Referring to the interior of the housing 12 (FIG. 2) is a spring 62 which is stretched between a hook 64, a lever 48 and 66 at the cabinet interior to bias the lever 48 about pivot 68 when the microphone 52 is lifted from cradle 50. The lever 48 carries with it a record 70 on turntable 72 which is rotated by winding a spring 73 effected by pulling the string 22. The record player is caused to rotate at a relatively constant speed by an inertia wheel or fly wheel 76. Fly wheel 76 and turntable 72 are held together by means of a flexible cord or the like 90. A stylus 92 enters one of a plurality of grooved helical voice screws in the record 70. Voice transmission is then effected from the stylus through a head 100 to a pickup 102 which then transmits recorder sound to speaker 44 through control speaker 104 and openings 46. The stylus 92 is mounted on arm 107 pivoted on pinion 109 at 111. Once the microphone 52 is lifted from cradle 50 the spring 62 can bias the lever 48 upwardly to engage head 100 with pickup 102, and pulling the string 22 makes it possible to generate a recording which simulates a received message. There are preprogrammed a number of such messages commonly found in CB "talk." The unit is constructed, however, so that no reception will occur until the unit is activated by first removing the microphone 52 from the cradle 50.
At the top of the unit is an antenna 110 which pivoted at 112 to the upright position indicated by dashed line 113 and the antenna is retracted by simply rotating it counterclockwise about 112 to the full line position shown in FIG. 2.
The unit is readily mounted through suction cups 118, 120 onto a flat surface, or clamps may be used in lieu of the suction cups 118, 122 enabling it to be mounted onto a handlebar or the like to a bicycle. The surface 123 of head 100 is flat so that there is only facial engagement between the contacting surface of 123 and 102, this being a prerequisite to voice transmission.
In operation the device 10 is mounted through one of the cups 118, 120 or equivalent clamp onto a surface such as a bicycle handle, or the like.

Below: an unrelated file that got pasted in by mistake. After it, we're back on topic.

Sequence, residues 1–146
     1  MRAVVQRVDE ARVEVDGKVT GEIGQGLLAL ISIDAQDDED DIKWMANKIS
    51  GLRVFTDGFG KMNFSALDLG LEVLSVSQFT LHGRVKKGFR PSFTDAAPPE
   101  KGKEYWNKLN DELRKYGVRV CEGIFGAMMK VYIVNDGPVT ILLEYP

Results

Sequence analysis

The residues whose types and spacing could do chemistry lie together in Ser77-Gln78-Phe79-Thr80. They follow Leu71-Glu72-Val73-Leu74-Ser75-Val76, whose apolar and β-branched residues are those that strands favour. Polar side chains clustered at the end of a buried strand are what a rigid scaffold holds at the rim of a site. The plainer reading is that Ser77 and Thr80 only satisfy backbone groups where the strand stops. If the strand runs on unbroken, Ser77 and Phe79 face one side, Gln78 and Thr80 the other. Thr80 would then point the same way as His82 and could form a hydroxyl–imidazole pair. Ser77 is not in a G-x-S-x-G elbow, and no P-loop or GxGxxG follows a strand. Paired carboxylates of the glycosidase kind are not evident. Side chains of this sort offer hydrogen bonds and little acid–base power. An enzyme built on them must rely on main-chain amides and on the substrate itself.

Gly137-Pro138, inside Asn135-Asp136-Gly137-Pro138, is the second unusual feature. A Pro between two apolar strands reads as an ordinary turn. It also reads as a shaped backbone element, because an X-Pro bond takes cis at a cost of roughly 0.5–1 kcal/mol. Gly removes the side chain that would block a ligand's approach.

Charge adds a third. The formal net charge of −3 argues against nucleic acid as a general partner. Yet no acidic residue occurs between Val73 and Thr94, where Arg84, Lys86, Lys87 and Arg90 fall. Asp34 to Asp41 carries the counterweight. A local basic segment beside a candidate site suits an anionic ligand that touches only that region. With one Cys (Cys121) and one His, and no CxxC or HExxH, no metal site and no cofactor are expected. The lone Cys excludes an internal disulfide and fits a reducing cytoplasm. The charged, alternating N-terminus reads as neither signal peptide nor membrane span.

The user of the device 10 has available the various control knobs, levers, dials, etc. to closely approximate actual CB operation. The adjustments, operation and visual inspection are all designed to give the impression of actual CB useage.
When the operator wishes to simulate voice transmission the speaker or microphone 52 is lifted from the cradle 50, the spring 62 pulls the lever 48 upwardly pivoting about 68 and engaging the head 100 with pickup 102. When the string 22 is pulled, spring 73 is loaded, and when the string is then released, the spring 73 will rotate turntable 72 and needle 92 will enter a new groove of the record, and when the turntable 72 rotates, at constant speed determined by the flywheel 76, a voice is transmitted through speaker 44 via the closed connection between 100 and 102 effected by spring 62. Several voice transmissions can be made by successive pulls on string 22 and a voice transmission will be heard, coordinated, if desired, by speaking through microphone 52. Thus by alternately speaking into microphone 52 and pulling on string 22 for record transmission, a two-way conversation can be simulated.
An important feature of the invention, however, is that no voice transmission can be effected by the record from pulling string 22 unless the microphone 52 is first removed from the cradle 50.
Although the present invention has been illustrated and described in connection with a few selected example embodiments, it will be understood that these are illustrative of the invention and are by no means restrictive thereof. It is reasonably to be expected that those skilled in this art can make numerous revisions and adaptations of the invention and it is intended that such revisions and adaptations will be included within the scope of the following claims.
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|FR952680A *||Title not available|